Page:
Advanced GERD Procedure Restores Quality of Life to MTA Officer
When avid gym goer and Metropolitan Transit Authority (MTA) police officer Christopher Matzinger began having trouble breathing during his routine workouts, he grew frustrated and concerned.
“It’s easy to take something routine like breathing for granted, until you can’t do it,” said Matzinger.
Upon consulting with his general practitioner, Matzinger was diagnosed with asthma. Still, the 39-year-old remained committed to making physical activity a priority despite daily sore throats, which he then attributed to allergies. But when he began to gag and throw up stomach acid at the gym on a regular basis, he knew something else medically was going on.
- 1 in 5 people in the United States suffer from GERD
- 20 million patients are on proton pump inhibitors (PPIs), 38 percent still have symptoms
- 10-15 percent will develop Barrett’s esophagus
- These individuals have a 40 times greater risk of developing esophageal cancer
Inhalers, allergy shots and a slew of medications failed to provide him with relief, so Matzinger set out on a quest for answers. He researched his symptoms and advocated for several diagnostic tests, including two endoscopies, which confirmed he was suffering from “silent acid reflux,” a condition in which stomach acid flows back into the esophagus, causing discomfort in the throat. Wanting the very best treatment, coupled with very best care, Matzinger turned to NYU Langone Hospital—Long Island for help.
Gastroesophageal reflux disease (GERD) is a widespread condition that affects approximately 20 percent of the United States population. NYU Langone Hospital—Long Island recently established Long Island’s first and only GERD Center – a collaboration between the Hospital’s gastrointestinal and surgical experts, designed to provide patients suffering from acid reflux and GERD with the latest treatment options. The Center dedicates its full resources, including a team of highly trained specialists who are leaders in their fields, to the accurate diagnosis and treatment of patients who suffer from these conditions.
“As leaders in the fields of surgery and gastroenterology, we wanted to create a Center where patients could benefit from our collaborative approach to care and receive a personalized care plan to ensure optimal results,” said Collin Brathwaite, MD, Chairman of the Department of Surgery at NYU Langone Hospital—Long Island.
Matzinger underwent further diagnostic testing at NYU Winthrop. This included a high resolution esophageal manometry – a sophisticated test used to assess the force and coordination of the esophageal muscles as they move food to one’s stomach.
“This test is done prior to antireflux surgery to make sure patients don’t have a swallowing disorder known as achalasia, which GERD surgery can’t help,” said Bhawna Halwan, MD, Director of the Center of Gastrointestinal Motility at NYU Winthrop.
In addition, Matzinger underwent a 48-hour Bravo esophageal pH test. During this test, a small capsule (the size of a gel cap) is temporarily attached to the wall of the esophagus to measure and record the pH levels in a patient’s esophagus to determine if they have GERD.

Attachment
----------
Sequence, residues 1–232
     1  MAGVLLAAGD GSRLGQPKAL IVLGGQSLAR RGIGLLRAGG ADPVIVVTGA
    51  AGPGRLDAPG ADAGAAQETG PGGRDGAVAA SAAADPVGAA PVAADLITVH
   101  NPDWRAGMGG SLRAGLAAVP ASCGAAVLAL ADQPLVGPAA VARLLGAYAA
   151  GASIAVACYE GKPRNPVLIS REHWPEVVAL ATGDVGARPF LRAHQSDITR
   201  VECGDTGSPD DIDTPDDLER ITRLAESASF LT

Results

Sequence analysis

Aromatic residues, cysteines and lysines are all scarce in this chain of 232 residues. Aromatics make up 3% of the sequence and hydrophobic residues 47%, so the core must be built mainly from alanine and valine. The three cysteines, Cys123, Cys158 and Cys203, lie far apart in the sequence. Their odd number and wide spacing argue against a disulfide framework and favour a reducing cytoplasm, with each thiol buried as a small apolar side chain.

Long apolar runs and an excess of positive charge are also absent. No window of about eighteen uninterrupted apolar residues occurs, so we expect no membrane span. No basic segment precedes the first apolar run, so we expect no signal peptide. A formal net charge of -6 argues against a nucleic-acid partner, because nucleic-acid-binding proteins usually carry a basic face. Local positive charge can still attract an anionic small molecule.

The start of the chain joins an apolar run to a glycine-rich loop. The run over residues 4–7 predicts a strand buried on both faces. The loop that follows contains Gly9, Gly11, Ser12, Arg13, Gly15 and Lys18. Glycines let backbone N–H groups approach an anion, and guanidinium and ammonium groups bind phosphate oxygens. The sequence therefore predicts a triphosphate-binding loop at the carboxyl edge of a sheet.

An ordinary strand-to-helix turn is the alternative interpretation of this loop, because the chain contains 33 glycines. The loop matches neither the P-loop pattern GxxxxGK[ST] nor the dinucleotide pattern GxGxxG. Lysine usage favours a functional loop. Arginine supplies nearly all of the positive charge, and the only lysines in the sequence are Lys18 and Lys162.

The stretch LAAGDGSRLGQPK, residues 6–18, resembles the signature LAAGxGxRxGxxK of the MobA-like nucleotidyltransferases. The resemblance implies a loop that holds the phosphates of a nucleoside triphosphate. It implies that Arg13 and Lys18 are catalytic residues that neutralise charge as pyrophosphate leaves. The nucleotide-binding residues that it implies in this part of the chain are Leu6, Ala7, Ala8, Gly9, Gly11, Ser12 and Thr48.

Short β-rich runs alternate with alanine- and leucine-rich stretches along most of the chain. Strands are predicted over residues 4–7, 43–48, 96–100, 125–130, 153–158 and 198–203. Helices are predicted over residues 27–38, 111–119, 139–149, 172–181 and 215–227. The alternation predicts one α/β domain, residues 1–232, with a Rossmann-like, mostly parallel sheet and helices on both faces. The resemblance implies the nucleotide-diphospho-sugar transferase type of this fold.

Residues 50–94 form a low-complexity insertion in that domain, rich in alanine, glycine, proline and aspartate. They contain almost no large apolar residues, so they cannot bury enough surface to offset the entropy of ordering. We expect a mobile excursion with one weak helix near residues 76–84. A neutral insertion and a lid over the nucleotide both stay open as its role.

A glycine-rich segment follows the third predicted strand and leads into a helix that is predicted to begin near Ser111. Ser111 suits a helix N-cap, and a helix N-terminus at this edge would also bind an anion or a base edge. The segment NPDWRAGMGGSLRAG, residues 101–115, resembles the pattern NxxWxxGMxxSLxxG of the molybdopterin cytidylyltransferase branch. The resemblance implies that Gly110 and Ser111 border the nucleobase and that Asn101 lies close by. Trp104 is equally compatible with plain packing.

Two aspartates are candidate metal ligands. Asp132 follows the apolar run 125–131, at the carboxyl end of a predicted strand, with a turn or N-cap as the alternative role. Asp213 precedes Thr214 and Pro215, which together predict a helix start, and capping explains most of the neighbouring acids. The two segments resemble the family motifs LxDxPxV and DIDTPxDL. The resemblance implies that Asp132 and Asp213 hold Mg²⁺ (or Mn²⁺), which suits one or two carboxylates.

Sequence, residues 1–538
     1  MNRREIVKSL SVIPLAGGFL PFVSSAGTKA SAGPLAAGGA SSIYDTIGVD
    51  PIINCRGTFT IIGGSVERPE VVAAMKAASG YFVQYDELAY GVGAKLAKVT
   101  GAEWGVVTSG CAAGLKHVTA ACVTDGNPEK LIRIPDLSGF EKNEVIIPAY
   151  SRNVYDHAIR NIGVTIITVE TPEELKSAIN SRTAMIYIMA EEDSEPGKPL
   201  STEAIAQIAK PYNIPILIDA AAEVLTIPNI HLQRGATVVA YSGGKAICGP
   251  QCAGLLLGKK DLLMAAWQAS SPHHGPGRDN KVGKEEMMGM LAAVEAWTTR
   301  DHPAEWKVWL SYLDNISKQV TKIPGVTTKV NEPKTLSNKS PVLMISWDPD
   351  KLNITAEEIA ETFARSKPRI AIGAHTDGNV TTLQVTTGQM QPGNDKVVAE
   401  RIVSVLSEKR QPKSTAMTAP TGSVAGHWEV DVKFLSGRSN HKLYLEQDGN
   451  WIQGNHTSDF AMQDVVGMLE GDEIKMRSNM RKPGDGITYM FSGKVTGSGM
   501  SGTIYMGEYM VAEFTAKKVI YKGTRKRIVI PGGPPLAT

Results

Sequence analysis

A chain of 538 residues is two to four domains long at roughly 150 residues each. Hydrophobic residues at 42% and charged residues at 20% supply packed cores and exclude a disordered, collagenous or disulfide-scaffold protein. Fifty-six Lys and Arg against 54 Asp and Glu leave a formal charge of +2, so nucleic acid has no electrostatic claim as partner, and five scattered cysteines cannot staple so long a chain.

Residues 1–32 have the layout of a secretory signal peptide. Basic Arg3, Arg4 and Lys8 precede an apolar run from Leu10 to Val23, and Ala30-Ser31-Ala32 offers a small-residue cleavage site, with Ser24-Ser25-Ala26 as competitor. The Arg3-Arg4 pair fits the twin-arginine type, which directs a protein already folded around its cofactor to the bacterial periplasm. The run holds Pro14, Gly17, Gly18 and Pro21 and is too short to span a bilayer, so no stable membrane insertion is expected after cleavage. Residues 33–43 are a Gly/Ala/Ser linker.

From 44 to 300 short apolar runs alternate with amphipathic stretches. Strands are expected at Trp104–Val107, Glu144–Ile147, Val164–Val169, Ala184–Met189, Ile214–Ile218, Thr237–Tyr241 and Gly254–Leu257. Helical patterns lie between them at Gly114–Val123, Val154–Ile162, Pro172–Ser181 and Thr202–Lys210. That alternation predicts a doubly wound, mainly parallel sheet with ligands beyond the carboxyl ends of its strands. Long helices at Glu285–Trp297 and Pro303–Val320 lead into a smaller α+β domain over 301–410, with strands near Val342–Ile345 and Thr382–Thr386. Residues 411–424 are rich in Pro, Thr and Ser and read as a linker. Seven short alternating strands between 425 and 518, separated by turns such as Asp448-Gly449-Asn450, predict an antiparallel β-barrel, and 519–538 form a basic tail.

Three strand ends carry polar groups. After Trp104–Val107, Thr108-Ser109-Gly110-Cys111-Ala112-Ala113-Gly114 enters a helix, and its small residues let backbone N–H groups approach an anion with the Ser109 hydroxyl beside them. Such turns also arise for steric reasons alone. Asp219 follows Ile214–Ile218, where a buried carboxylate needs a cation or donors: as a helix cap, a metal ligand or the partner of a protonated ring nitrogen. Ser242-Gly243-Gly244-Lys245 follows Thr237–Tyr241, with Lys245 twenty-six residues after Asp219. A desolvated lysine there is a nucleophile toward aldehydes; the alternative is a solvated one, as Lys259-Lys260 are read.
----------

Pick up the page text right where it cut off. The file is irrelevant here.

“It is important for patients to have access to comprehensive diagnostic testing, such as the tests offered at NYU Winthrop, in order to fully assess the severity of their condition and determine which therapy is best,” added Dr. Halwan.
Mr. Matzinger had a positive PH test and demonstrated good muscle strength of the esophagus, so it was determined that he was an appropriate candidate for a new minimally invasive procedure called LINX®. The LINX procedure involves the laparoscopic placement of a flexible ring of magnet beads around the lower esophageal sphincter, preventing stomach acid from entering the esophagus.
“The magnets open up to enable food to pass through, and close after swallowing to prevent anything from coming back up into the esophagus,” said Dr. Brathwaite. “Patients usually go home the very same day with minor discomfort, and are back to eating regular foods within a day or two.”
NYU Winthrop is currently the only hospital in Nassau County to offer the LINX procedure, and was the first Hospital in Nassau County to perform the procedure on Mr. Matzinger in February 2018.
“LINX is a promising treatment alternative for patients with GERD, who often rely on over-the-counter medications and proton pump inhibitors (PPIs) for relief,” said Dr. Brathwaite. “Not only does long-term use of PPIs greatly increase one’s risk for esophageal cancer, recent FDA safety notices point to other potential risks including increased risk of fractures, dementia, and heart attack to name just a few.”
Though the LINX procedure is still relatively new, it has restored comfort to many patients who have long suffered with GERD and acid reflux, including Matzinger. Today, he has mastered an important part of his physical therapy – training the muscles in his esophagus to push down foods he once was unable to enjoy. He’s also back to training some other muscles at the gym. In fact, Matzinger feels so good that he’s lost 20 pounds since undergoing the LINX procedure, and is most grateful for the care that he received at NYU Winthrop.
“Finding the right doctors, who listened to me and guided me in the right direction, was key,” he said. “There’s no reason for anyone to suffer – there is help. You just need to go the extra mile to get the care you deserve.”
Article originally appeared on CornerStone Vol. 28, No. 2, Fall 2018